On Monday, the Trump administration announced that it would not be extending its waiver of the Jones Act for Puerto Rico, despite urgings from lawmakers and critics who have insisted that the lifting of the rule is crucial for the island’s recovery from Hurricane Maria.
“We believe that extending the waiver is unnecessary to support [Puerto Rico’s] humanitarian relief efforts” a Department of Homeland Security spokesman said. “There is an ample supply of Jones Act-qualified vessels to ensure that cargo is able to reach.”
President Donald Trump had initially resisted waiving the Jones Act—which limits shipping between American ports to American made, staffed, and owned ships—before finally agreeing to temporarily lift the restrictive measure on September 28, following intense pressure by Puerto Rican officials, and other lawmakers, including Arizona Senator John McCain.
However, administration officials nevertheless insisted that the restrictive rules regarding shipping between American ports were not to blame for the trouble distributing emergency supplies to Puerto Ricans suffering in the storm’s aftermath.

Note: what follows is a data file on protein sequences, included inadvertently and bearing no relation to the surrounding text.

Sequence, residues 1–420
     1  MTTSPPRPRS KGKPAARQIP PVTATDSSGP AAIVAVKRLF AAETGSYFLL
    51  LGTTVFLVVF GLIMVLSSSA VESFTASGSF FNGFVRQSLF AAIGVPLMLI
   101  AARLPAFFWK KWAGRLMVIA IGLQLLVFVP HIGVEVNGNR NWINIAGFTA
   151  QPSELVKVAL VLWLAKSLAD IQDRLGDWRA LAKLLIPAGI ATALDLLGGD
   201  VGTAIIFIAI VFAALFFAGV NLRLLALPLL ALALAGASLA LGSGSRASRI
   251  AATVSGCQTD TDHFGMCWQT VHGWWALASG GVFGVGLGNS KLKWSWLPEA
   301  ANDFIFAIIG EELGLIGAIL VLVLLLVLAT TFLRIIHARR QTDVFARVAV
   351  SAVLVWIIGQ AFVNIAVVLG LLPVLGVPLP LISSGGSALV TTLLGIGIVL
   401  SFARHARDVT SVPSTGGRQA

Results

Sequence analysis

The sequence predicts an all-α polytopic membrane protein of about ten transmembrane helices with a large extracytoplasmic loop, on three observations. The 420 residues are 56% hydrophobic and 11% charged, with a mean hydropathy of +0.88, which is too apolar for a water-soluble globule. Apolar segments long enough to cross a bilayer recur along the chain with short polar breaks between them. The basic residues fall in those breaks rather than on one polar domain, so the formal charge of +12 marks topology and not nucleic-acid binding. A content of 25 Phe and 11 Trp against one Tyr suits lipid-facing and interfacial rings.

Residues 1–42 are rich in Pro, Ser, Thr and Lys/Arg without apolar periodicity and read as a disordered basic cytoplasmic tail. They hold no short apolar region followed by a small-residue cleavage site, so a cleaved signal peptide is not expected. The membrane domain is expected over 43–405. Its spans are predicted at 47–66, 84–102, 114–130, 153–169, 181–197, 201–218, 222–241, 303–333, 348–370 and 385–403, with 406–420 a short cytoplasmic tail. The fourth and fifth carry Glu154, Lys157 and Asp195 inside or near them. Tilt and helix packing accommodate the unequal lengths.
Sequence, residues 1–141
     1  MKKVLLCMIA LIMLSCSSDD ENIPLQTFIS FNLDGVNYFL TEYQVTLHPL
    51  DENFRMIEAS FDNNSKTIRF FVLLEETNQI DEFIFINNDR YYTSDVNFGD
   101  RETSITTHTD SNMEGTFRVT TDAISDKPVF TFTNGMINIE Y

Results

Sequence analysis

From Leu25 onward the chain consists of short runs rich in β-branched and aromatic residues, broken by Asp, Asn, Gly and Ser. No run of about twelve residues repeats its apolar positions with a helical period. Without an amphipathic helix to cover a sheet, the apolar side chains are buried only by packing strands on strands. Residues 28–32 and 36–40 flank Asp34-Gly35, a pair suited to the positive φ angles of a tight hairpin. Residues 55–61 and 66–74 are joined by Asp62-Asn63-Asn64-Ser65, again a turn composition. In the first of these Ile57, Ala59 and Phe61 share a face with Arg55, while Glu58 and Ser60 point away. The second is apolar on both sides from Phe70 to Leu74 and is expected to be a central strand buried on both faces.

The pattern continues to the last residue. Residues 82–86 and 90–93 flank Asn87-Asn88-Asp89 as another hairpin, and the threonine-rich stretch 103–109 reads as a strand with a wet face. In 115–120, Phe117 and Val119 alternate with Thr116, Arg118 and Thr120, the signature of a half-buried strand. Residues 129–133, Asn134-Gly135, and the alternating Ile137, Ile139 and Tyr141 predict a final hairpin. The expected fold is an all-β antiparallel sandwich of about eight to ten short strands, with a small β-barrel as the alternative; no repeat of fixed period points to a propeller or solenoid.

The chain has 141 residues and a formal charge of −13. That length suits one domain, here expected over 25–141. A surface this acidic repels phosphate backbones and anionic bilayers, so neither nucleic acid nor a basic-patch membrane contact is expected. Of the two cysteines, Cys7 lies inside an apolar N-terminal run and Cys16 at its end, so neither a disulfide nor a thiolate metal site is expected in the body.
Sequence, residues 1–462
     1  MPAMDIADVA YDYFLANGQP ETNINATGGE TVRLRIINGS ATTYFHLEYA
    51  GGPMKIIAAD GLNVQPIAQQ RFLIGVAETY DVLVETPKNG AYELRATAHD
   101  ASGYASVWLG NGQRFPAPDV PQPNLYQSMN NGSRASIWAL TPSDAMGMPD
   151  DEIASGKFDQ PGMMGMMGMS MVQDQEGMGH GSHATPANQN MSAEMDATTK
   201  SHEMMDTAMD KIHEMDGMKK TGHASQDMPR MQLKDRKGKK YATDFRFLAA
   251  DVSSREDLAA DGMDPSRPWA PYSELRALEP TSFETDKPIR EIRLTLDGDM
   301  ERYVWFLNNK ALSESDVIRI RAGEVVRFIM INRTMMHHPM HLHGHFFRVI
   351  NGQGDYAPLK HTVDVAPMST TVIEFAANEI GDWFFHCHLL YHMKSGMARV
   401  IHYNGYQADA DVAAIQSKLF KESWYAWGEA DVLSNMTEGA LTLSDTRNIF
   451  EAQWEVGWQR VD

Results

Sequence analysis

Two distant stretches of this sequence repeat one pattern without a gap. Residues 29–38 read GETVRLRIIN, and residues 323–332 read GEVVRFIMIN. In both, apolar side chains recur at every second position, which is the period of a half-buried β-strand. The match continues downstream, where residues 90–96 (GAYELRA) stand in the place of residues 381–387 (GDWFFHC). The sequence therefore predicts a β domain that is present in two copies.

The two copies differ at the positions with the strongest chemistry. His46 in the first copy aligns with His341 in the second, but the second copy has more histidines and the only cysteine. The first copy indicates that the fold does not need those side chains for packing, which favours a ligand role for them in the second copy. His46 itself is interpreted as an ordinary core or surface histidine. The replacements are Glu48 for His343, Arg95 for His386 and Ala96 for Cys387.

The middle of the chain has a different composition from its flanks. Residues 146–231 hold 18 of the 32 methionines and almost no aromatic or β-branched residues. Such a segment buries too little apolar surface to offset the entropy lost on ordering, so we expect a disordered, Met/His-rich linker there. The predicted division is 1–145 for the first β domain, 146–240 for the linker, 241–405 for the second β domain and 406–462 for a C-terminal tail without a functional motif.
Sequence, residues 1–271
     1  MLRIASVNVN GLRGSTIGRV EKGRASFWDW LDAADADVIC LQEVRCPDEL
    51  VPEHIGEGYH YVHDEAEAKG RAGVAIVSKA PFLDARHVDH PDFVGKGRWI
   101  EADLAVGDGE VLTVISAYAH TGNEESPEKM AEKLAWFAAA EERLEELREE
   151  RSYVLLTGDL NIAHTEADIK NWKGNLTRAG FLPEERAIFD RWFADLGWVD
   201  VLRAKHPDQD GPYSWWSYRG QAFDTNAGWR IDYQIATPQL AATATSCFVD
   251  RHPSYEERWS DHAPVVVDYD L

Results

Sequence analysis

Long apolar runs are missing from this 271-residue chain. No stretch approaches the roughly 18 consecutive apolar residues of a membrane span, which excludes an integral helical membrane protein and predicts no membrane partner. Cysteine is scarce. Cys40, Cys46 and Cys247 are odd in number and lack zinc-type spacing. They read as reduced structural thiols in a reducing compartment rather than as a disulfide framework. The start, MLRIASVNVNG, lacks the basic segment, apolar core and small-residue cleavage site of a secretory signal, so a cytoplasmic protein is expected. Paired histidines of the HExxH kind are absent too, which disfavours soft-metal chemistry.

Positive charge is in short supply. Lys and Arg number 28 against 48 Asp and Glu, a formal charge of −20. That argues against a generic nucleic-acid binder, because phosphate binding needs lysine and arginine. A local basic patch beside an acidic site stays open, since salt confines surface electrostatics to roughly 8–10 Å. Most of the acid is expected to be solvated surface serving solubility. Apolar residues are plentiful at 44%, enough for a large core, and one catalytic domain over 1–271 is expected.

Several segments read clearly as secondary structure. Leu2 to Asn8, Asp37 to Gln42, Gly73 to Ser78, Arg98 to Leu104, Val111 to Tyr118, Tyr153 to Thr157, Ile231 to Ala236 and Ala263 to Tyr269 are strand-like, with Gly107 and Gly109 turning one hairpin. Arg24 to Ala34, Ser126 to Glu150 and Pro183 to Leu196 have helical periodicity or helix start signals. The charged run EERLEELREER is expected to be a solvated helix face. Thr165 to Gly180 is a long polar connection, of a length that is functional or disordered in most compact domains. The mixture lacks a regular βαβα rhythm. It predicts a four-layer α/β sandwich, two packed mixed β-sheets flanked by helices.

“The limitation [in delivering emergency supplies to Puerto Rico] is going to be port capacity to offload and transit, not vessel availability,” a Customs and Border agency spokesman said at the time. And, in fact, damaged roads, gasoline shortages, and staffing issues did present a significant challenge for emergency ration distribution once ships managed to reach Puerto Rico’s ports.
Now that that waiver has expired, the flow of goods into Puerto Rico will once again be limited by the act, creating a supply bottleneck that has historically driven up prices for basic goods on the island. (A 2010 study conducted by the University of Puerto Rico calculated that Puerto Rico lost approximately half a billion dollars annually as a result of the Jones Act.)
This comes as Puerto Rico continues to struggle to regain basic necessities like clean drinking water and electricity and tries to look ahead toward the long and difficult task of rebuilding.
Some lawmakers, including McCain, have argued for exempting Puerto Rico from the Jones Act altogether—as has already been done for other U.S. territories. Speaking with HuffPost after hearing that the Trump administration would not extend the waiver, Senator McCain said:
Now that the temporary Jones Act waiver for Puerto Rico has expired, it is more important than ever for Congress to pass my bill to permanently exempt Puerto Rico from this archaic and burdensome law. Until we provide Puerto Rico with long-term relief, the Jones Act will continue to hinder much-needed efforts to help the people of Puerto Rico recover and rebuild from Hurricane Maria.